Changes afoot to Russian customs rules as EAEU takes effect

Legislation | | MIC Customs Solutions |

Russia is experiencing some changes due to its EAEU membership, which may require new administrative burdens.

Many businesses worldwide choose to trade with Russia because of its sheer size and the resulting potential for market access to a varying range of products.

However, company owners may notice some forthcoming changes in terms of customs regulations in the country as its membership of the Eurasian Economic Union (EAEU) continues to take effect.

Here, we'll take a closer look at how the bloc is affecting the way Russia operates and what any changes that impact upon trade might mean for businesses.

Russia and the EAEU

The EAEU came into force in January 2015 and is intended to be an economic union of states located in northern Asia and central Europe.

Russian president Vladimir Putin has made no secret of the fact that the EAEU is based heavily on the model of the European Union and that he hopes it will also become a powerful union of sovereign states in the future. 

Indeed, the Guardian reported that he aspired to enlarge the customs union to include all post-Soviet states one day, excluding the three Baltic EU member states.

Many economic analysts see the formation of the EAEU as a way for Russia to beat the global downturn occurring at the time of its creation and to guarantee markets for its products.

Indeed, as a founding and leading member, Russia enjoys being at the centre of flows of capital and labour from the smaller EAEU nations.

Today, the EAEU is estimated to have an integrated single market of 183 million people and a GDP of around €3.7 trillion.

New bloc, new rules

With the formation of the EAEU came new regulations and a need for member nations to begin aligning their standards with those of the other members to create a common market.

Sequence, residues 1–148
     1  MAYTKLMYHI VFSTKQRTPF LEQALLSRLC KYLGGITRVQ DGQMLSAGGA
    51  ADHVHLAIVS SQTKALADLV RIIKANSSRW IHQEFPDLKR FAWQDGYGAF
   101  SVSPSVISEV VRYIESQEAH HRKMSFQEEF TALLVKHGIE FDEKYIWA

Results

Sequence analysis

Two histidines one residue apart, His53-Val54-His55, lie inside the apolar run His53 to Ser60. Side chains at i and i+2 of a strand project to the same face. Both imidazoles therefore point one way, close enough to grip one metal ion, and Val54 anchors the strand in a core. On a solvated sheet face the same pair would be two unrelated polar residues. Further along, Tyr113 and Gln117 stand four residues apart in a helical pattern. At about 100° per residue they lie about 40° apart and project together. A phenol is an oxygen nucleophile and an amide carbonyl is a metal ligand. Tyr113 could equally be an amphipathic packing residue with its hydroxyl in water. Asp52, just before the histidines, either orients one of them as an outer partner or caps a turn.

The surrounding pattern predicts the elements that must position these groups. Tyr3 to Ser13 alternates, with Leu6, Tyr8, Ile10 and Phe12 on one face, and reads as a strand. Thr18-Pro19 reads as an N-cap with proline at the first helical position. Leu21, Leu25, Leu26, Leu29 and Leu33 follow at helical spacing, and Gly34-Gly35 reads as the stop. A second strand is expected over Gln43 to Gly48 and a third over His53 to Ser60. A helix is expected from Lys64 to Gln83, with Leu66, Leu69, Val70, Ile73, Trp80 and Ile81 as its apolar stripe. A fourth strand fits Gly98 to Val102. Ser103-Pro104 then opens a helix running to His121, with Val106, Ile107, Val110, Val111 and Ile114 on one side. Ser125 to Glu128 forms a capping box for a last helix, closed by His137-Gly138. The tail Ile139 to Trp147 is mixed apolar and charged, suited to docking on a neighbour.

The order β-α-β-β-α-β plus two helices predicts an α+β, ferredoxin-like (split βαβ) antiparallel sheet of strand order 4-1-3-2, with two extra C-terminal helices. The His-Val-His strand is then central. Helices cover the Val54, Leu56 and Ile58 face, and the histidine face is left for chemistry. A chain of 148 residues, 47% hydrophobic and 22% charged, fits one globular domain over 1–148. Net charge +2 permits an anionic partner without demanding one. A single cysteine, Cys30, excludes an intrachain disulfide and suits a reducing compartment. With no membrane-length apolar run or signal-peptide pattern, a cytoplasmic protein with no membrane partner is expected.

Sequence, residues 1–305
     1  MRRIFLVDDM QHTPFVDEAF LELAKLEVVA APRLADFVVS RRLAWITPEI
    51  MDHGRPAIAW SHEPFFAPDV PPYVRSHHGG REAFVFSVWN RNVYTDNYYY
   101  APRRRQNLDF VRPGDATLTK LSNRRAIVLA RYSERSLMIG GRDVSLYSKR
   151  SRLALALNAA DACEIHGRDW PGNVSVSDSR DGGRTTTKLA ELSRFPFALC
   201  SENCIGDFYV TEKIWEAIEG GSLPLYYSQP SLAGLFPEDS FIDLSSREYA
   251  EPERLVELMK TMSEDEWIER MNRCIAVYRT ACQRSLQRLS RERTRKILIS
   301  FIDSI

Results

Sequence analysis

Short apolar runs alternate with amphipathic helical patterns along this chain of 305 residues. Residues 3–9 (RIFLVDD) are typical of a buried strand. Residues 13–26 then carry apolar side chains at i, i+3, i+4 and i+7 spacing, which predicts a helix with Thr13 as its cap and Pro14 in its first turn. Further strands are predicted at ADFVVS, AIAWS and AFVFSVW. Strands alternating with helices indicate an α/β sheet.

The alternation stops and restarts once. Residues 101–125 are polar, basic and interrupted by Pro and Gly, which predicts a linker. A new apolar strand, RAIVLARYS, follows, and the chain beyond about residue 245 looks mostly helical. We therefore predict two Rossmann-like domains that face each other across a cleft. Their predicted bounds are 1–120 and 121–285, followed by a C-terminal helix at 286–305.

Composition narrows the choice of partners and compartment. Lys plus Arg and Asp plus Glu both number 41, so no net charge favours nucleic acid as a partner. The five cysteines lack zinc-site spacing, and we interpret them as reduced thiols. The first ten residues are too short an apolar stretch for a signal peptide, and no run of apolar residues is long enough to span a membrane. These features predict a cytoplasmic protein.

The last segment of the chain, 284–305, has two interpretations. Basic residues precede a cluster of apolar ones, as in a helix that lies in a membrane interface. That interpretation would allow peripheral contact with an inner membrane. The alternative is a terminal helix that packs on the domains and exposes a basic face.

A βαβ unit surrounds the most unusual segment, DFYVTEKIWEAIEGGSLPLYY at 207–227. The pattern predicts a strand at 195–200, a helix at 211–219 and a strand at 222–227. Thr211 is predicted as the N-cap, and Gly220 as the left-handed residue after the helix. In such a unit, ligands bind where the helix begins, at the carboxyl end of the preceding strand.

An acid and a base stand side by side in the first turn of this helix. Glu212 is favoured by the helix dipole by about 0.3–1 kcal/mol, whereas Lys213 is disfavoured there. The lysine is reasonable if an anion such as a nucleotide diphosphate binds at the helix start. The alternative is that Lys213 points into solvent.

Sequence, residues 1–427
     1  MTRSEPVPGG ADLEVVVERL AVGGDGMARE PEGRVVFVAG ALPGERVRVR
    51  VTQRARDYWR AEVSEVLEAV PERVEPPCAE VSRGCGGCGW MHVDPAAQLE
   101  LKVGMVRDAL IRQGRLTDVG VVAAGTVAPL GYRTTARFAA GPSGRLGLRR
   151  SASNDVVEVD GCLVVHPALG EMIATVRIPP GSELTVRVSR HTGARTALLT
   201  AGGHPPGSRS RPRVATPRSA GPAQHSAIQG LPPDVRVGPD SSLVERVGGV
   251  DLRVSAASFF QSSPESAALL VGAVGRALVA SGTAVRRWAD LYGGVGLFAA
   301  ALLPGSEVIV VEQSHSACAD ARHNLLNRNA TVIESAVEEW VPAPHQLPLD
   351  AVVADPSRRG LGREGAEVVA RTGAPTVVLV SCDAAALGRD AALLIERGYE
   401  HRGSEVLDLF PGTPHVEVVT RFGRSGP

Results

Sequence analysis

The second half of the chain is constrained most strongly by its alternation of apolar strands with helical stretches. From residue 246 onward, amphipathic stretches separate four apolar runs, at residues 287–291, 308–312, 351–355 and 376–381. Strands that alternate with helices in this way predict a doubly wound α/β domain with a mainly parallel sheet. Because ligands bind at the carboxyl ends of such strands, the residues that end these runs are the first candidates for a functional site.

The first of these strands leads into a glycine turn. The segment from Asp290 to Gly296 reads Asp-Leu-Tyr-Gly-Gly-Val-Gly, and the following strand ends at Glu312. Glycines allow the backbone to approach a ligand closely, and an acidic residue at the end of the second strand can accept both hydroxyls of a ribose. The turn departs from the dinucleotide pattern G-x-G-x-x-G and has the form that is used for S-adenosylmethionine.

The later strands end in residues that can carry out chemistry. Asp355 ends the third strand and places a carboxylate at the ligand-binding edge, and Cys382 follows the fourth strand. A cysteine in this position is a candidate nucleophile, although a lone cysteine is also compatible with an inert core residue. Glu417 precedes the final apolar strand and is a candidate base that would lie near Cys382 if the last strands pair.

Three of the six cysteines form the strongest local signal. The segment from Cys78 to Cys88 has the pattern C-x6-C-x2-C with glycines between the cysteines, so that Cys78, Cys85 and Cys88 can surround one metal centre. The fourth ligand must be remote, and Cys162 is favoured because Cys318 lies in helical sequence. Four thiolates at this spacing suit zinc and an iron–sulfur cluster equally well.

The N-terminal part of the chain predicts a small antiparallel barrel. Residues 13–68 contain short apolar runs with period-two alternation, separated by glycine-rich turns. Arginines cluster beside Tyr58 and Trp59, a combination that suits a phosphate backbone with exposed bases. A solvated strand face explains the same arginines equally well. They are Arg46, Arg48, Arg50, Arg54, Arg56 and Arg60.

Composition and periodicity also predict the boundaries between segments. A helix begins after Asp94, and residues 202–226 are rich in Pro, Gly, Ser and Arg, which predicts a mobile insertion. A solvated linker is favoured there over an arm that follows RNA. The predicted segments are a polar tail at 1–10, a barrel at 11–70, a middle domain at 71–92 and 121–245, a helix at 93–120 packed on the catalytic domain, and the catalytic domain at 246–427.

In February 2018, for example, an agreement was signed on the common labelling system of goods with control (identification) signs in a bid to create a unified system whereby goods will be marked with a 'means of identification'.

The data collected from these marks will be recorded in a central repository that will be kept by the Eurasian Economic Commission, resulting in a new approach to product traceability.

Changes Russia is making

Russia is not immune to these changes and is aiming to lead the other members in launching what is being referred to as the 'Honest Mark scheme'.

In addition, while it currently uses a combination of technical regulations, this will eventually need to change as EAEU Technical Regulations come into effect and prevail over individual countries' laws for particular products.

Meanwhile, legal intelligence platform IAM has also highlighted some important changes in Russia that it says will impact brands and reshape the "Russian customs recordal landscape".

The first are new timelines and deadlines as agreed under the Federal Law on Customs Regulation in the Russian Federation.

A new decree from the Federal Customs Service (FCS) is to come into effect relating to the maintenance of the customs register for intellectual property items, which was approved in June 2019.

The timeline for customs recordal and renewal requests has also been altered to a maximum term of three years, while there is also a new examination deadline for customs recordal applications that should not exceed three months.

However, it will still be possible for the FCS to request extra information when considering applications to eliminate problems such as counterfeit goods.

Another major change highlighted by IAM is the official introduction of e-filing to organise customs recordal applications electronically through a central portal and have them signed remotely.

Software for e-filing is expected to launch in 2020, at the same time as the implementation of the Unified EAEU Customs IP Register.

To ensure businesses avoid potential complications arising from the new rules, IAM recommends updating customs recordal documents to fit with the new legislation, keeping information for the Customs IP Register up-to-date, and considering any impact of trademark assignments on customs documentation.

Russia's rules may be changing, but - as ever - the best way to ensure compliance is to double-check the rules and be stringent with administrative tasks.